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Power consumption has become one of the primary design constraints for all types of microprocessor. We have been developing techniques that combine new circuit designs and microarchitectural algorithms to reduce both switching and leakage power in components that dominate energy consumption, including flip-flops, caches, datapaths, and register files. Flip-flops and latches along with the clock networks used to drive them consume a significant fraction of total power in any synchronous digital system. We have developed activity-sensitive selection of flip-flops and latches, which uses local signal activity to determine the lowest energy structure to use at each point in a circuit [ 10 ].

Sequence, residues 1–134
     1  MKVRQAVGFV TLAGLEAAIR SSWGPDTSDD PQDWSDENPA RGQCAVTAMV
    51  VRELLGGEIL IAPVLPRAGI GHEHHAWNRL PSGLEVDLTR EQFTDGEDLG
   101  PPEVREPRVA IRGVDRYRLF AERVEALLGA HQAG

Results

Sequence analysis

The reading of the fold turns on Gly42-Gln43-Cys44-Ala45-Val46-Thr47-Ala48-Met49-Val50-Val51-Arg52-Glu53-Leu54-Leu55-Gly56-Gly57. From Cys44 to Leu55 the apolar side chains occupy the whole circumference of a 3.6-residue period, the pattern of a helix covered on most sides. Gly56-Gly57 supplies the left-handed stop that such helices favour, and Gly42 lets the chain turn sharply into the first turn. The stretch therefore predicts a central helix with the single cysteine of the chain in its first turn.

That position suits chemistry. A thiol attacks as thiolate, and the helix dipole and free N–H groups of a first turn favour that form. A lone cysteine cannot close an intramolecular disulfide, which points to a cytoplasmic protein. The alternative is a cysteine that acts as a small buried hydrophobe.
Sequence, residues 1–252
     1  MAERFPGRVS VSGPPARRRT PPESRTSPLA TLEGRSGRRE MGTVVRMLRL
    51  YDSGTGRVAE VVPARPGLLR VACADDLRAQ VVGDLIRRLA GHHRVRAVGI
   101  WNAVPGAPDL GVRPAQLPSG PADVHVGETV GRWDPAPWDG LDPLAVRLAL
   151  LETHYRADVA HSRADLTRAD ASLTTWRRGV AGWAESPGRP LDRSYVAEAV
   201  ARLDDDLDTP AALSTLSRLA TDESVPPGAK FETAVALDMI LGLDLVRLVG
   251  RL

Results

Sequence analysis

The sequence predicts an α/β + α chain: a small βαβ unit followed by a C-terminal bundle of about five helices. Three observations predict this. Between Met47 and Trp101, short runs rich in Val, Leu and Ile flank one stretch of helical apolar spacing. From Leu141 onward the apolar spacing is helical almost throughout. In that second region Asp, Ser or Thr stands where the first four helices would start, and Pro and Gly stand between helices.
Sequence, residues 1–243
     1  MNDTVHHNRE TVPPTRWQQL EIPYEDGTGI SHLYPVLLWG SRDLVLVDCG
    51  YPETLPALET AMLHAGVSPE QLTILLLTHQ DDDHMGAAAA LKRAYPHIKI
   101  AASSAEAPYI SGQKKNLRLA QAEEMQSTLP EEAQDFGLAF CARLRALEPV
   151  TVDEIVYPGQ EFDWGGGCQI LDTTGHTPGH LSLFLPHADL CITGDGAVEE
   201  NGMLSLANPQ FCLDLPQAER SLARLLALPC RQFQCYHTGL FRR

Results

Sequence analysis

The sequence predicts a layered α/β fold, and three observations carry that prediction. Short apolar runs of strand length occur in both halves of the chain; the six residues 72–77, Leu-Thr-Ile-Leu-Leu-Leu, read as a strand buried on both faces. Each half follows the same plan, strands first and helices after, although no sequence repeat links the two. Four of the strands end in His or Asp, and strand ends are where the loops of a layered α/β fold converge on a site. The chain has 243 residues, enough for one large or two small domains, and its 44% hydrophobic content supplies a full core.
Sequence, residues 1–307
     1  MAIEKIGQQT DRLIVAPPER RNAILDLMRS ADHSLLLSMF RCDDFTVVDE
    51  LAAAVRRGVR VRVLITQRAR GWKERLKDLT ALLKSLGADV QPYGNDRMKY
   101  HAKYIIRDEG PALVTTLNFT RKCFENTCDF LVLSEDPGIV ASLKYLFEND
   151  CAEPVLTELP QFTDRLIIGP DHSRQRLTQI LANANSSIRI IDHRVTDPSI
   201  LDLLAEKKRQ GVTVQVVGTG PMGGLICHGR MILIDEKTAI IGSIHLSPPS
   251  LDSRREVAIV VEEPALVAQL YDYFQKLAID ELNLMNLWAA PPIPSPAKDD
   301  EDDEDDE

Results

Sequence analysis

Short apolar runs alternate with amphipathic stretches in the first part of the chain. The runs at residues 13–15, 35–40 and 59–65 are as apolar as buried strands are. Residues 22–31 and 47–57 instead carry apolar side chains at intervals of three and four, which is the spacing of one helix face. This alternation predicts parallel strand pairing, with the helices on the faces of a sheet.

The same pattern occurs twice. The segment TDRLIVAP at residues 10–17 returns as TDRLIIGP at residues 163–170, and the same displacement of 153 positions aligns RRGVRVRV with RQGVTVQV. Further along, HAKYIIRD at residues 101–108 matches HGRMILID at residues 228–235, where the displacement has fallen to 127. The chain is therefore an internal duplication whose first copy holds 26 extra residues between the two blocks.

Saving energy in Linux (power management of hard drive, monitor, and CPU using ACPI or APM) Spencer Stirling Sections: Turn off your Monitor Spin down Hard Drives APM ACPI These notes will favor Debian, although they are probably useful to any distro. The first part of this has little to do with the APM or ACPI capabilities of your machine. Instead, I will first discuss how to turn off your monitor and spin down your hard drive. In these states the machine itself is still completely "alive" and crunching numbers. The power management features that control your CPU and motherboard, however, are governed by either the newer ACPI standard or the older APM standard.
Laptops give you the freedom to do whatever you want, wherever you want to do it. But when your battery runs out, the fun is over. Fortunately, there are a lot of ways to save power and make your battery last longer.
How High-Level Modeling Speeds Low Power Design Power analysis limitations at the higher level cause most people to handle power requirements post-place-and-route, or minimally, post-synthesis. The degrees of design freedom gained at the post-synthesis stage are quite modest compared with optimizing power in the context of the system early in the design phase.